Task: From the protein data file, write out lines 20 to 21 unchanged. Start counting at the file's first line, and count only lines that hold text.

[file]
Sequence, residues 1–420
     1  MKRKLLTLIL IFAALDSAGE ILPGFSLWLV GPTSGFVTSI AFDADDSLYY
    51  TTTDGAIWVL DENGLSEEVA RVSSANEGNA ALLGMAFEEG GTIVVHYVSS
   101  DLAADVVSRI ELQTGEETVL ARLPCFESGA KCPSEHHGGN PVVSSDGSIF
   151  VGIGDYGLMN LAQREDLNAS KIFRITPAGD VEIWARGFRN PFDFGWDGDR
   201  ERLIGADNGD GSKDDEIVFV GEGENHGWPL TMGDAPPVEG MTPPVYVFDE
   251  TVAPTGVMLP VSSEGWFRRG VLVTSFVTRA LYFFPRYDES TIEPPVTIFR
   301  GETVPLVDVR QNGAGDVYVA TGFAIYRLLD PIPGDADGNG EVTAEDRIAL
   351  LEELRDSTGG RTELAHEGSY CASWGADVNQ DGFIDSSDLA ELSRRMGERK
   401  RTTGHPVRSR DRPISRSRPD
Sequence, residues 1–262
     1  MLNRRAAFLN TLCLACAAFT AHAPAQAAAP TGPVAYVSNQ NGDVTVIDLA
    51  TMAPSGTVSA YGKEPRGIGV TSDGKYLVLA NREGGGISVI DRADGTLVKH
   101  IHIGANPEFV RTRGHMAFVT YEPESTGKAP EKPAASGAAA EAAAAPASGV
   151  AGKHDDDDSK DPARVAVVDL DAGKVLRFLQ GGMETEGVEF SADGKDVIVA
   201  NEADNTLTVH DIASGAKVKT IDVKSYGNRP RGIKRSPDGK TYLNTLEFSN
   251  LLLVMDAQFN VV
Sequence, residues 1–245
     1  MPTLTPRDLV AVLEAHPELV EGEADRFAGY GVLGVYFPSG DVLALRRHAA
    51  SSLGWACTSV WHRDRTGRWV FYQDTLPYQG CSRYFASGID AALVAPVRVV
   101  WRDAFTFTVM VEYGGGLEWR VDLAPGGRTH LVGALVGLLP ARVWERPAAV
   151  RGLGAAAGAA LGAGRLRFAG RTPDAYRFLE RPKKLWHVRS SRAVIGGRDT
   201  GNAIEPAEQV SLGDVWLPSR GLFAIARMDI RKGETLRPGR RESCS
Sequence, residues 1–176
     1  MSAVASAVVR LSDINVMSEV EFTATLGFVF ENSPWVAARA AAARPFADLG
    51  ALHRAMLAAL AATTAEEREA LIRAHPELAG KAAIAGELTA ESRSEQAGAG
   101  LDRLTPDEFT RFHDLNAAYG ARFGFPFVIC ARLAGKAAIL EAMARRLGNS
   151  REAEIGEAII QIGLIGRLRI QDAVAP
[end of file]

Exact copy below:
    51  SSLGWACTSV WHRDRTGRWV FYQDTLPYQG CSRYFASGID AALVAPVRVV
   101  WRDAFTFTVM VEYGGGLEWR VDLAPGGRTH LVGALVGLLP ARVWERPAAV